As panel technology has improved, larger and better displays have become increasingly affordable for home and business users. And while there's still a place for low cost screens limited to just HD output - it wasn't long ago when HD was the benchmark - the ability to display 4K and HDR (high dynamic range) content is becoming increasingly important to many users. That's where the BenQ EW3270U display fits in. It's a 4K and HDR capable screen that's good for business, gaming and catching up on the latest movies and TV shows.
What Is It?
BenQ touts the EW3270U as a 32-inch display but it's really 31.5 inches from corner to diagonally-opposite corner. It delivers all the modern connectivity options you expect but if you're stuck with older DVI or D-SUB connectors you'll either need an adaptor or new system. But I can't imagine that's going to be an issue for anyone with a computer that's less than three years old.
Although the EW3270U doesn't out-spec lots of other other large displays out there, BenQ has managed to find a balance between a decent display size with high resolution, an attractive form factor and reasonable price.
|Display Size||31.5 inches at 16:9|
|Resolution||3840x2160 at 60Hz|
|Brightness and Contrast||300 nits and 3000:1|
|Colour Gamut||1.07 billion colours with 95% DCI-P3 colour gamut|
|Size and Weight||522.2 X 726.4 X 215mm and 7.5kg|
|Connections||HDMI, USB-C and DisplayPort|
|Audio||Built in speakers and headphone out jack|
I tested the BenQ EW3270U with a couple of different systems, using the HDMI and USB-C connections. I didn't have a system handy with DisplayPort. The display comes in three parts with some simple assembly required. And it's worth spending some time tweaking the settings in order to optimise the output for your specific work environment.
My usual desktop display is a 23-inch Samsung unit so the jump to 32-inches was quite significant. And the move from a HD-capable panel to 4K also took some getting used to. But the ability to have three or four windows displayed together without everything feeling cramped is a great boon for productivity. I'm at the point now when I find it hard to recommend a dual-display set up as once larger display is easier to connect and offers most of the same benefits.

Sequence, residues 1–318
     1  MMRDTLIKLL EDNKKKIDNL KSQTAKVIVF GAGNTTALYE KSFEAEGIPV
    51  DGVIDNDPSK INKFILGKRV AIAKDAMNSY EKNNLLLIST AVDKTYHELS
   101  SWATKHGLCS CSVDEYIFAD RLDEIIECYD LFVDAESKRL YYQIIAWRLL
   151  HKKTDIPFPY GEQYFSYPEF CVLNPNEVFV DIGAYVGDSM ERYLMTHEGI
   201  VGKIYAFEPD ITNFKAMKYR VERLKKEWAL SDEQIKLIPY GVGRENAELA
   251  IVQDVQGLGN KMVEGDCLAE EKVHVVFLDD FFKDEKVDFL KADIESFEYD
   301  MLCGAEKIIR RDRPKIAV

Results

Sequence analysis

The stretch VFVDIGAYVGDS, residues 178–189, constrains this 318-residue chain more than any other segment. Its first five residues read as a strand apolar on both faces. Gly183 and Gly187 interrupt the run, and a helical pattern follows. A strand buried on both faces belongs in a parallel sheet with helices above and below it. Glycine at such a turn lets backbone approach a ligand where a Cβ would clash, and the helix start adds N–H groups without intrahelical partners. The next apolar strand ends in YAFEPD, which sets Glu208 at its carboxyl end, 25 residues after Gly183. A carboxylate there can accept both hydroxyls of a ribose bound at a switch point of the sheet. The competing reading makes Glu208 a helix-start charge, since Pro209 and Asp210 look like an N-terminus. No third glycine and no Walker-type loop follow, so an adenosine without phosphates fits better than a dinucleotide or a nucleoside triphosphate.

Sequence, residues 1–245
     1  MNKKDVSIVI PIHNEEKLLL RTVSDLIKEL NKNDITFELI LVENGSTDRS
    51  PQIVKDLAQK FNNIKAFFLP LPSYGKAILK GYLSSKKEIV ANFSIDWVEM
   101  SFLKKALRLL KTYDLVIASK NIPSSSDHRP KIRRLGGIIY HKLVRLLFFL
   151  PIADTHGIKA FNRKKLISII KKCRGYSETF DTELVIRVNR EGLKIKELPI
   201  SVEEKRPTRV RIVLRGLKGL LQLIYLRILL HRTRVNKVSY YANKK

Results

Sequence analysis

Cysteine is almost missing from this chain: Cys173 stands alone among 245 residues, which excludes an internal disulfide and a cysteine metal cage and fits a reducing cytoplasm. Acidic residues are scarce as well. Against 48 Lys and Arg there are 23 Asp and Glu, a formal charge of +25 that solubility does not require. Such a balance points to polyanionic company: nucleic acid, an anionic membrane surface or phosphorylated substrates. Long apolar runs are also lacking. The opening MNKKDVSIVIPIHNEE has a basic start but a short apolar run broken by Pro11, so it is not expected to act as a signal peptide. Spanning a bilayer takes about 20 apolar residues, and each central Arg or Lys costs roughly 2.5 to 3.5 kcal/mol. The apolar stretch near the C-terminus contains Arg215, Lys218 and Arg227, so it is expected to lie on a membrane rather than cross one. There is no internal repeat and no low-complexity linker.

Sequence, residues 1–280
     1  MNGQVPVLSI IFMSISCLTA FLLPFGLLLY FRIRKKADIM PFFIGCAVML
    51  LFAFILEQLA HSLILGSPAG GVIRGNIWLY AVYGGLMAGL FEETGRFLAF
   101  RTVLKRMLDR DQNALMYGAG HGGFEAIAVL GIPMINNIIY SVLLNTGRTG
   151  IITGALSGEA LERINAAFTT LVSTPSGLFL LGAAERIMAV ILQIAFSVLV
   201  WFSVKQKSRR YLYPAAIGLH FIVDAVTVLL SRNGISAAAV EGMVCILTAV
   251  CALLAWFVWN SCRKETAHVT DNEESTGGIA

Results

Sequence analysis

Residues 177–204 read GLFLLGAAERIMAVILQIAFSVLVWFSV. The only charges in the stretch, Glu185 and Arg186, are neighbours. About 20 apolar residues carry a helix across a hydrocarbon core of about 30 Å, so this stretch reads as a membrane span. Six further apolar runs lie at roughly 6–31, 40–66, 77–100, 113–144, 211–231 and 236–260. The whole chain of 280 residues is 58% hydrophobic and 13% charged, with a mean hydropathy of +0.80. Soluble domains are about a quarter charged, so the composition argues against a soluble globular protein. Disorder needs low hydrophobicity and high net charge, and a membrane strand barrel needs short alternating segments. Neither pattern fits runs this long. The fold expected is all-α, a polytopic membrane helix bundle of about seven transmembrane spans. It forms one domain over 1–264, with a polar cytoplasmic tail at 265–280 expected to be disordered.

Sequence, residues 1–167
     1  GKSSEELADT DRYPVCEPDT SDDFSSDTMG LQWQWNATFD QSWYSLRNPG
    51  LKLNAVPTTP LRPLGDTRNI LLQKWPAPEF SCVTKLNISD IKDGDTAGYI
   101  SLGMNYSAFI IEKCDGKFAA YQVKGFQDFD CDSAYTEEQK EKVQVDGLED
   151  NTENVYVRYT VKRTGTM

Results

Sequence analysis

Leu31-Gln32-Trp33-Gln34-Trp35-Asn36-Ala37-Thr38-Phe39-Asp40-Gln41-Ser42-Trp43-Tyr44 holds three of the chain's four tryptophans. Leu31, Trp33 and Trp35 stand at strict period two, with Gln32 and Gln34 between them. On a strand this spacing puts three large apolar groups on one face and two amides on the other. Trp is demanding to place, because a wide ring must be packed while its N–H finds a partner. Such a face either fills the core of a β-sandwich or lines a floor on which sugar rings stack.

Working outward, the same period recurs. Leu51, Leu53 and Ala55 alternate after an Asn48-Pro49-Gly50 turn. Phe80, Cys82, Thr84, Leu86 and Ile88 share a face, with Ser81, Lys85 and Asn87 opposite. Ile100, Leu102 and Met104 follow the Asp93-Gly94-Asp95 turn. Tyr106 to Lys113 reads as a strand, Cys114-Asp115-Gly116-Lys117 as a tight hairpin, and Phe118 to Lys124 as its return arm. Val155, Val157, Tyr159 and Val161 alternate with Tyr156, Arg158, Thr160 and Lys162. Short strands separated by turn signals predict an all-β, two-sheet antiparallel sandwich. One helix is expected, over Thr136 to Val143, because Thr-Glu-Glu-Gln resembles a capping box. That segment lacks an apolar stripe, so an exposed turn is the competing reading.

Watching 4K content on this display, from Netflix, reveals how much of a difference the higher spec makes when compared to their regular HD content. I watched APEX: The Story of the Hypercar and the image quality, when compared to a HD movie like one of the recent Jack Reacher films is quite astounding. If you're into watching or producing 4K content then this is a solid choice if you're shopping for a display.
My current workstation set up has a 13-inch MacBook Pro perched on a stand adjacent to a curved 24-inch display I pic ned up on sale as it was the display stock at a local store. But when LG offered me the chance to review its 38-inch 38WK95C-W monitor I jumped at the opportunity- once I checked that I had enough space on my desk for it. Here's what I thought.
Similarly, images shot with HDR enabled look excellent. The level of detail that's visible on the EW3270U is excellent. Colours are faithfully reproduced and you could almost count the whiskers on my unshaven face in some of the shots I looked at.
With work, text was crystal clear although I did find I needed to zoom things in a little as the high resolution made text pretty small. But that's an easily solved problem.
I'm left wondering why BenQ bothered integrating a pair of speakers into this display. The sound quality from them is terrible. The speakers are barely passable for system alerts and terrible for anything else. It seems to me that leaving them out would have been a better option than including them.
Other than that, I didn't find any major issues with the display.
Should You Buy It
At $899, the BenQ EW3270U represents very good value in my view. Although the internal speakers are rubbish, the image quality and performance is great and isn't all that far off other, far more expensive units. This is one review unit that I'll find challenging to uninstall.